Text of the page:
The Software Engineering Institute’s paper on technical debt expanded even further. Published in 2014, Towards an Ontology of Terms on Technical Debt explores 13 types of debt. Let’s look at them now.

The 13 types of technical debt

There are many types of debt you can rack up. Each type has its unique characteristics and challenges.

Architecture debt

This type occurs when system design principles are compromised for faster delivery. This leads to a poorly structured system that may be difficult to maintain or scale.

Build debt

This is a result of inadequate build and release processes. It often manifests as frequent integration issues and long deployment times.

Code debt

This is when developers take shortcuts or use subpar coding practices. Usually, this is done to meet deadlines. Think of it as a hastily done DIY project; sure, you’ve got your shelf up quickly. But, the wonky alignment may cause issues down the line.

Defect debt

This arises when known defects aren’t addressed promptly due to other priorities. This causes an accumulation over time.

Design debt

Caused by compromising on user interface (UI) and user experience (UX) design aspects. This can lead to lower customer satisfaction levels later on.

Documentation debt

Lack of adequate documentation is an often overlooked type of debt. It makes it hard for team members or external contributors to understand how things work. This slows down progress in the long run. It happens when teams overlook creating comprehensive documentation for their software projects. This is akin to assembling IKEA furniture without a manual.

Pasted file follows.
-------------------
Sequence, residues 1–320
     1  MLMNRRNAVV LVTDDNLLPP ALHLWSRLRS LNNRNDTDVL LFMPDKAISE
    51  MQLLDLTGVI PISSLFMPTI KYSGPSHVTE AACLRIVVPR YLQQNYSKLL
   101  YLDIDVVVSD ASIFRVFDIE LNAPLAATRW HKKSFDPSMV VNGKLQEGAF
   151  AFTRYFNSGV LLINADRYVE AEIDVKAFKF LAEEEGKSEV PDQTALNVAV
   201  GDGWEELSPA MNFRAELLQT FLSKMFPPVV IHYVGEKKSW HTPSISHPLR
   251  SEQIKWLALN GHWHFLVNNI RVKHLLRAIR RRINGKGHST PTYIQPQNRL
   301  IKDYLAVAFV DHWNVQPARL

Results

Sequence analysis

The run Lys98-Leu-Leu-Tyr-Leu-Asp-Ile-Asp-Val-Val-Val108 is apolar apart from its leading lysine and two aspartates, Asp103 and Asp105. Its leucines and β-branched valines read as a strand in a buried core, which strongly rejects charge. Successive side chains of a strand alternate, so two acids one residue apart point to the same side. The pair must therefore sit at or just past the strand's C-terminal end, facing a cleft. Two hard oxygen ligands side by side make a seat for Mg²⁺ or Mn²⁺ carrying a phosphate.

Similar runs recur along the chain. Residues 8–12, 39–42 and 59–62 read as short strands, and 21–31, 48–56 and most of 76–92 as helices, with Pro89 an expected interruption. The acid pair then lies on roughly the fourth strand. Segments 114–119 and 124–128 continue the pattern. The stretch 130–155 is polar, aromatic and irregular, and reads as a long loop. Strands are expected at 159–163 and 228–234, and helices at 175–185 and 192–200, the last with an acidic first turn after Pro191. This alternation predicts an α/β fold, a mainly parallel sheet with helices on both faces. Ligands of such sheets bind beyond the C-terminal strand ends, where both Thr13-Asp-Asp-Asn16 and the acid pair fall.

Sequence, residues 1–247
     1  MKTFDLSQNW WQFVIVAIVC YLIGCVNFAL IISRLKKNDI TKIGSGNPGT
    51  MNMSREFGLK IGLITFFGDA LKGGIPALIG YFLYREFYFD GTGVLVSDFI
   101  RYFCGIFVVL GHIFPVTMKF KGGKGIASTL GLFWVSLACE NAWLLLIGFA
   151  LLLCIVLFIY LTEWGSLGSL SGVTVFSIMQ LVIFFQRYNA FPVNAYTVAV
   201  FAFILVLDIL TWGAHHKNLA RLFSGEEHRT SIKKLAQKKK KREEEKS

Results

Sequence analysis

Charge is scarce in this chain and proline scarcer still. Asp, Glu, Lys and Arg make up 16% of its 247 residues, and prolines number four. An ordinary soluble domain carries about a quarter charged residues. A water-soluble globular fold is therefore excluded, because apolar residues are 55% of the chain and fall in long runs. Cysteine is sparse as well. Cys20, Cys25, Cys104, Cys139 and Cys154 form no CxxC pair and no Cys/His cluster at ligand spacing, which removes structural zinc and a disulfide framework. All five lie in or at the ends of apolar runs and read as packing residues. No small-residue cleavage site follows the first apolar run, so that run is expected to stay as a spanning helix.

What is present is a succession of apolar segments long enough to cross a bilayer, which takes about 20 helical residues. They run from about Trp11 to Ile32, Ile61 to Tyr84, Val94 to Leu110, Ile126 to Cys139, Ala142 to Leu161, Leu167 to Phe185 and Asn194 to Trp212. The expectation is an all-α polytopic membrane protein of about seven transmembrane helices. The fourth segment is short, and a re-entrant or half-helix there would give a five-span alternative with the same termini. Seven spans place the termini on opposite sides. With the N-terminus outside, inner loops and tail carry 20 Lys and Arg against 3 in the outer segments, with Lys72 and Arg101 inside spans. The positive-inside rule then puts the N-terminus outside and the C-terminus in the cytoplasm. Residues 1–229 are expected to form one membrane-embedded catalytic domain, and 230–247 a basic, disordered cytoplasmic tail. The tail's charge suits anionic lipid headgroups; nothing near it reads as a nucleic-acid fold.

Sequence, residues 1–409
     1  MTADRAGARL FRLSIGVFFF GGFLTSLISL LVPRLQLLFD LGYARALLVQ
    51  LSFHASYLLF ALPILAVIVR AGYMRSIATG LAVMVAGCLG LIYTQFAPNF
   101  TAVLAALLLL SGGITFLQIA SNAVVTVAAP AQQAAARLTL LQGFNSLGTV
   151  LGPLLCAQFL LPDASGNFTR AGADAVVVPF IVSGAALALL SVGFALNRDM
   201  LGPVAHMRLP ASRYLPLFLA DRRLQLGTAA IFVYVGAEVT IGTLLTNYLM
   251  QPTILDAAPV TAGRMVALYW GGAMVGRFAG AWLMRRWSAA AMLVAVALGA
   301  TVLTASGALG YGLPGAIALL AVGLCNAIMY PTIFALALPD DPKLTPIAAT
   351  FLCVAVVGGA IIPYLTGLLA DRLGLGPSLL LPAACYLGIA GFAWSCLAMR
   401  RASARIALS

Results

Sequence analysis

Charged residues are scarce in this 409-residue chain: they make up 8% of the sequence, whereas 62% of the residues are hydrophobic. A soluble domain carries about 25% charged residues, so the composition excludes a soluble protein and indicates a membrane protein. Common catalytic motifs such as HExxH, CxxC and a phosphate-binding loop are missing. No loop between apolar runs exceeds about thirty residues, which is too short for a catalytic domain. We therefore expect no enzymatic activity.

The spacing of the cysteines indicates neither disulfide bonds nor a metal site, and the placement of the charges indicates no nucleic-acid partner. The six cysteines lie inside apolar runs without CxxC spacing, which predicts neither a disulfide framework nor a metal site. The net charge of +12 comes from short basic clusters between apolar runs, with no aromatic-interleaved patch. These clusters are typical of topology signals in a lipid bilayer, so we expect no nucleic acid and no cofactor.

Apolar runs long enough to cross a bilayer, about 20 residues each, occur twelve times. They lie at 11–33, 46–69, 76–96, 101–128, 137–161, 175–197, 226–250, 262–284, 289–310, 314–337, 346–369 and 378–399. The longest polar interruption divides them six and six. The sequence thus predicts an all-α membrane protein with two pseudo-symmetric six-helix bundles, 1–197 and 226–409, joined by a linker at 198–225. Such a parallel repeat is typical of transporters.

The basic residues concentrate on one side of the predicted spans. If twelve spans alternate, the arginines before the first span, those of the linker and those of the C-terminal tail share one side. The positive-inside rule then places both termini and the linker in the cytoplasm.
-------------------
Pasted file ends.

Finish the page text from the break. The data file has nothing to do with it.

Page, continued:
Infrastructure debt

This refers to poor decisions about infrastructure setup like servers or databases. It could affect performance and scalability.

People debt 

This refers to the lack of skilled personnel or inadequate training. It often leads to slower progress and lower quality output.

Process debt 

Inefficient processes that slow down development cycles and lead to wasted effort.

Requirement debt

This arises when there’s a lack of clarity in requirements. It leads to wrong assumptions and rework.

Service debt

This happens when third-party services used in your product are not managed properly. This often causes reliability issues.

Test debt

Last but not least, there’s test debt. This is inadequate testing due to insufficient time or resources. Often it’s the result of neglecting test automation. This can lead to longer testing cycles as the codebase grows. It’s akin to skipping vehicle inspections before a long road trip. It can lead you into uncharted territory with potential breakdowns.

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Impact of technical debt

Rushing software development might get your product to market faster. But just like monetary debts need to be repaid with interest over time, so does technical debt.

The immediate impact is clear. You save time and resources in the short run by cutting corners or opting for quick-fix solutions. But, these savings come at a price later on when it’s time to pay back that ‘loan’.

You may have an application running smoothly today. But, beneath the surface lies accumulated code issues waiting to explode tomorrow. And often, they will.

Neglected debt accumulates interest

The more you neglect this technical debt, the higher ‘interest’ piles up. It often decreases productivity and increases maintenance costs.

Decreased productivity over time

Your team’s efficiency can take a hit. Developers spend more time fixing bugs than working on new features or improvements. It also impacts morale; nobody enjoys slogging through messy code bases.

Affect on product quality & maintenance

Technical debt directly impacts product quality. It can cause systems to become unstable, unreliable, difficult to maintain and extend. This not only affects your team’s productivity. It also hampers user experience, leading towards loss of customers.